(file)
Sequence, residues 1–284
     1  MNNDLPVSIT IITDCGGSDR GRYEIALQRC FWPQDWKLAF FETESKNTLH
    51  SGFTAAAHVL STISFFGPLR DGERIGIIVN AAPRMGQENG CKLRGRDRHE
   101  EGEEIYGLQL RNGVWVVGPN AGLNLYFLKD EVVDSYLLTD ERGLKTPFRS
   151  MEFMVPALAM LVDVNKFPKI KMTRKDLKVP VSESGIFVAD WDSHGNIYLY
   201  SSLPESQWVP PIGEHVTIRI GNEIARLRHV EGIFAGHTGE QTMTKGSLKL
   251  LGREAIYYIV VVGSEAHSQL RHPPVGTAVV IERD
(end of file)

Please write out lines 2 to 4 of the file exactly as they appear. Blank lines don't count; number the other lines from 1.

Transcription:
     1  MNNDLPVSIT IITDCGGSDR GRYEIALQRC FWPQDWKLAF FETESKNTLH
    51  SGFTAAAHVL STISFFGPLR DGERIGIIVN AAPRMGQENG CKLRGRDRHE
   101  EGEEIYGLQL RNGVWVVGPN AGLNLYFLKD EVVDSYLLTD ERGLKTPFRS